The history of classic literature has seen many anonymous writers. But that one who lived upto the classic idea of love, romance and agony in her real life was Mary Shelley. Now when we hardly go back to the novels of that age to soothe our reader’s digest, why not explore the pen behind the novel than the novel itself?
Mary Shelley is one of the most anonymous famous authors to ever live. Born to two of the foremost thinkers of the 18th century- William Godwin, the political philosopher and Mary Wollstonecraft, the pioneer feminist who is best known for ‘A Vindication of the Rights of Woman’. Not given her due credit in the field of English literature, she was the wife of one of the most revered romantic poets- P.B Shelley, and the writer of one of the most influential and widely adapted Gothic classics, ‘Frankenstein’.
The life of Mary Shelley is perhaps the most intriguing of all, if evaluated from the perspective of a woman who despite being born in 18th century had the guts to be unconventional at a time when women had no say in the society. Mary Shelley, a girl from a remarkable family of pioneer thinkers and philosophers was strongly influenced by her father’s intellectual circle. Mary can rightly be said as the true heir of her mother Mary Wollstonecraft’s principles of intellectual and sexual freedom for women.
Her aspirations were exceptional for a woman born in 1797 and she was a true heroine for the contemporary woman’s movement. Mary Shelley was the epitome of passion and rebellion. She was a woman who followed her heart without any regrets. At the age of 16, she fell in love and eloped with Percy Bysshe Shelley who frequented the intellectual circle of her father, William Godwin and was his political follower. P.B Shelley was an unhappily married man who was madly in love with Mary. Both of them are said to have eloped much to the dislike of William Godwin who severed ties with his daughter until both of them got married, on lay after the suicide of Shelley’s first wife. In going away with Shelley, Mary believed she pursued happiness following her mother’s footsteps. Upon their return to England, Mary was pregnant with Percy’s child. Mary suffered miscarriage and her life was marred by debt, the death of her unborn children and had to face ostracism.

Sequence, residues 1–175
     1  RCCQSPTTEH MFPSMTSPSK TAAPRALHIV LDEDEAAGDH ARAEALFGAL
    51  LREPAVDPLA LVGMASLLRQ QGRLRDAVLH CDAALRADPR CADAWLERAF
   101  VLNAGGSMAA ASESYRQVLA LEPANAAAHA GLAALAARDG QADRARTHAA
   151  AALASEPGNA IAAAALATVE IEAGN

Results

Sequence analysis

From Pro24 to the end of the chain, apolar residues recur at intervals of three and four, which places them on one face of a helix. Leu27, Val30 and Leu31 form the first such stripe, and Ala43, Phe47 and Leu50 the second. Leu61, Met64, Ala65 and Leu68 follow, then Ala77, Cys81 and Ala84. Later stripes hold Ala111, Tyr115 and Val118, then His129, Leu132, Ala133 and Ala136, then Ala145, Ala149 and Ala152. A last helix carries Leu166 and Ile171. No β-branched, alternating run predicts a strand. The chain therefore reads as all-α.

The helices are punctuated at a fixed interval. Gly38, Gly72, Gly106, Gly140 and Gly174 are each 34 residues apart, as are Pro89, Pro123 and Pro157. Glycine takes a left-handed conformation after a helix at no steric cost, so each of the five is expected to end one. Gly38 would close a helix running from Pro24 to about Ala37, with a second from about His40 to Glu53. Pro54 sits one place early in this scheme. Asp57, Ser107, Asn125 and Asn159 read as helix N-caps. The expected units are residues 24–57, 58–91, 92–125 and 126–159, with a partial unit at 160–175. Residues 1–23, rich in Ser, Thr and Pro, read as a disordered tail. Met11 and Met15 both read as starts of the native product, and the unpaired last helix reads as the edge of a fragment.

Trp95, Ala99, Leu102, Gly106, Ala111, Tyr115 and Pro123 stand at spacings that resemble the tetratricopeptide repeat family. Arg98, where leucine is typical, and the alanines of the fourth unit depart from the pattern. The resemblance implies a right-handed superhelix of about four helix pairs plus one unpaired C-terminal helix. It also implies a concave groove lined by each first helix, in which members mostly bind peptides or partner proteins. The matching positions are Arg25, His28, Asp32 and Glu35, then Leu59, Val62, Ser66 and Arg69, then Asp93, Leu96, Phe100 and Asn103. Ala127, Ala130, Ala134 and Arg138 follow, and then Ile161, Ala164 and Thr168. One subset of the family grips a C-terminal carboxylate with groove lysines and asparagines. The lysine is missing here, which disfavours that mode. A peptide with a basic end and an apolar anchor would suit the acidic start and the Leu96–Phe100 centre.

She was constantly in the company of learned men, writers and poets such as Coleridge, Lord Byron. It was during one of the conversations with Lord Byron and his challenge for each one to write a ghost story that Mary conceived the idea of her novel ‘Frankenstein’. Mary Shelley devoted her life in producing her editions of Shelley’s poetry, novels, stories, travel books, journals, essays and poems.
It was her life after the death of her husband that she seems most contemporary in her struggles to support her family, her fight against society’s opposition and ostracism, lack of money and loneliness. Her works openly confront the customs, power and unjust authority. Till the day she died, the widow of Percy Byssche Shelley kept Shelley’s heart (snatched hastily from his funeral pyre) wrapped in a linen cloth. As we read about this unconventional woman, we may speculate that P.B Shelley was not the only one who was a visionary and a great poet.
Mary Shelley’s greatness not only lies in her most famous work- ‘Frankenstein’, but in the way she lived her life as a heroic pioneer and shining brightly even in her shadowy world.
The readers can check out her documentary here.
About the Author:
Work in progress. Ambivert. Books are my best friend and writing gives me immense pleasure…
“Every secret of a writer’s soul, every experience of his life, every quality of his mind, is written large in his works.” – Virginia Woolf